Braille Instruction Receives Boost From Education Department
Addressing concerns that some blind and visually impaired youth aren't receiving Braille instruction when they need it, the Education Department released a "Dear Colleague" letter today reiterating that Braille should be the default literacy medium unless a school team determines that it is inappropriate for a given student.
The letter notes that a shortage of personnel trained in teaching Braille—an alphabet of raised dots that can be read with the fingertips—is not a reason to deny a child access to the instruction. Students also cannot be denied access to Braille simply because alternatives exist, such as large-print materials, speech-output computers, or recorded materials. In addition, the team drafting the individualized education program for a student should also take into account a student's future needs, which would be particularly relevant for youth with degenerative conditions who may have relatively good vision while they're young, but are expected to lose vision as they get older.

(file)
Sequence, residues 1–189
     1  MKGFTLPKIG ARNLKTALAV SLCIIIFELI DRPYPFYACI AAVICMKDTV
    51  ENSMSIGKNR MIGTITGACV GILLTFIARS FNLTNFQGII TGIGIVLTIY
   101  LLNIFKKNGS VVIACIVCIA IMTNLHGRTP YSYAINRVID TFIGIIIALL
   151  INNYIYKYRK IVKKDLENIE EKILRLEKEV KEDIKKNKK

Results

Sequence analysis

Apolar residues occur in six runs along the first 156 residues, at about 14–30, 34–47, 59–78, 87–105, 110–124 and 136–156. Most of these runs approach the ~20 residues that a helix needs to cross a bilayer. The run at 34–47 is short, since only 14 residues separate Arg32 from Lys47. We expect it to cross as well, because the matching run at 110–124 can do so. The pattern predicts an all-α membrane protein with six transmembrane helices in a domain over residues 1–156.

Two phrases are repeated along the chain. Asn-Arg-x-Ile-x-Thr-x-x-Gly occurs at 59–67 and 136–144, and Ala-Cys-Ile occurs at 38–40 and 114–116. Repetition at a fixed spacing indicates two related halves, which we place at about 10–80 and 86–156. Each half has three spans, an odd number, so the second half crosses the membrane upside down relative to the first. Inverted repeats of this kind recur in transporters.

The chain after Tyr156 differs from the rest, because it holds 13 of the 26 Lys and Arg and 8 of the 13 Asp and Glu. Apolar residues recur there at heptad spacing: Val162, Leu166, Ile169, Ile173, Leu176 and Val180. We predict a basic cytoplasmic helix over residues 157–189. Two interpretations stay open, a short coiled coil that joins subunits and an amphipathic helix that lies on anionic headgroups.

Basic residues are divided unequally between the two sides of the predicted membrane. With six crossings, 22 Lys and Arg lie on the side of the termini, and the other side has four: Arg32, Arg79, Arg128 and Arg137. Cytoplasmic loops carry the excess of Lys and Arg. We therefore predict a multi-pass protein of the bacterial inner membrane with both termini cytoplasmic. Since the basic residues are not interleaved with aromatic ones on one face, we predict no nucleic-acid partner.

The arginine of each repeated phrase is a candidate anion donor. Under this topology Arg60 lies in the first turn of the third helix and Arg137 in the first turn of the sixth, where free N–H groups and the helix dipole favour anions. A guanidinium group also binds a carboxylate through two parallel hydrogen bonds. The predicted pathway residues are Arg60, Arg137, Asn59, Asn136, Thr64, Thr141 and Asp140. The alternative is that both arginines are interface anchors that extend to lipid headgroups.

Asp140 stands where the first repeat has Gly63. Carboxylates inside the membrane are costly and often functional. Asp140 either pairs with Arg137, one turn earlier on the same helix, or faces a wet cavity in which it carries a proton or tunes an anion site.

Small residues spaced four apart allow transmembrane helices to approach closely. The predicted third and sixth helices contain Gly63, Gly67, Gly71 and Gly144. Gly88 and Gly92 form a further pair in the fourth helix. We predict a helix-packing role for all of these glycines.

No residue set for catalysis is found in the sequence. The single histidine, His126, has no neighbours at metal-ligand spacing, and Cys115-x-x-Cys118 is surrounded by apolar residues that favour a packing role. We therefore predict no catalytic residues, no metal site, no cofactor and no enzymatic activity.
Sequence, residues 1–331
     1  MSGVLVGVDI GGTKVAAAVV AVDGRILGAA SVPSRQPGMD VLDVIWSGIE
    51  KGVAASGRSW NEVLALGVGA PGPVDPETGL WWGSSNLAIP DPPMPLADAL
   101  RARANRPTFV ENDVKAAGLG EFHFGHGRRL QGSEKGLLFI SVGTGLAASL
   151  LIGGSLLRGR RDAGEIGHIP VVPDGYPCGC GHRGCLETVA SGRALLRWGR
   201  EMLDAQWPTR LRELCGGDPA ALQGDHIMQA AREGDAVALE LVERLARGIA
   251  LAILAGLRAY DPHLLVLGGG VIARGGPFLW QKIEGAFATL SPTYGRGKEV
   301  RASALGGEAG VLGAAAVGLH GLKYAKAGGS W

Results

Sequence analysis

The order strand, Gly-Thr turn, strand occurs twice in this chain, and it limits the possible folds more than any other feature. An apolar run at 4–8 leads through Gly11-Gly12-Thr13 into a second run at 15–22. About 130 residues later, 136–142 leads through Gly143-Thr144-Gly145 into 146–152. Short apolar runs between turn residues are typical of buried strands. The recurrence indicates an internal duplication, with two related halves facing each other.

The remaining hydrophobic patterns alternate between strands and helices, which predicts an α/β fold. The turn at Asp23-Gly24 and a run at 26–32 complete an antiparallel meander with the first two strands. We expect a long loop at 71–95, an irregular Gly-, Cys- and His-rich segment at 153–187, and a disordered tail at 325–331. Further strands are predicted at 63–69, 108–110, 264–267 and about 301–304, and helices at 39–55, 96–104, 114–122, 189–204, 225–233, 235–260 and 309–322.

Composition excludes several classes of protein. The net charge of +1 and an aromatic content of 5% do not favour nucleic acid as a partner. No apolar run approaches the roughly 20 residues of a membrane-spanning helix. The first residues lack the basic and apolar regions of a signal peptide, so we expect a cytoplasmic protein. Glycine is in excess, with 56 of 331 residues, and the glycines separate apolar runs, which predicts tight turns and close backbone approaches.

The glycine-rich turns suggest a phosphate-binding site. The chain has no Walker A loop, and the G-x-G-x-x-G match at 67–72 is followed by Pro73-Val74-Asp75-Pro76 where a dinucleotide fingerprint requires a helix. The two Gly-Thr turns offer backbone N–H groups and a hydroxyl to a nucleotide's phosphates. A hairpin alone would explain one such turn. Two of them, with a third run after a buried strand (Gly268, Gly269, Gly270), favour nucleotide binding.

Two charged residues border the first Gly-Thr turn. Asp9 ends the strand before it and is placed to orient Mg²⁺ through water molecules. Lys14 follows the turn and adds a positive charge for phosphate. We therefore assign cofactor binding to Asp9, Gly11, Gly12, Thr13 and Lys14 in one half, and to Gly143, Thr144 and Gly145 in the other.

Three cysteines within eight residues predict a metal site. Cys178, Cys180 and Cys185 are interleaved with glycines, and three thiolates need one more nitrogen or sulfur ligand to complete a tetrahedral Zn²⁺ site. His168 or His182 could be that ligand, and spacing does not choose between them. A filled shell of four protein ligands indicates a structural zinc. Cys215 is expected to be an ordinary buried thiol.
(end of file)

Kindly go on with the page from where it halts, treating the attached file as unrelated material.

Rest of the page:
"Braille is a very effective reading and writing medium for many blind and visually impaired persons, and research has shown that knowledge of Braille provides numerous tangible and intangible benefits," said the letter, which was signed by Melody Musgrove, the director of the office of special education programs, and Michael K. Yudin, the acting assistant secretary for the office of special education and rehabilitative services.
Organizations for the blind cheered the department's letter, which was released in conjunction with the first-ever Braille Summit, being held at the Perkins School for the Blind in Watertown, Mass., and sponsored by Perkins and the National Library Service for the Blind and Physically Handicapped, a program of the Library of Congress. Yudin addressed the gathering by telephone to announce the Dear Colleague letter.
A 2009 report from the National Federation for the Blind has noted that Braille literacy had dropped to about 10 percent of blind and visually impaired people, even though Braille literacy was correlated with higher academic achievement and more highly paid employment.
"We hope and believe that these clarifications will reverse the harmful decline in Braille instruction that has left too many blind people functionally illiterate, and will restore Braille to its proper place as the most effective reading and writing medium for blind people," said Marc Maurer, the president of the National Federation for the Blind, in a statement.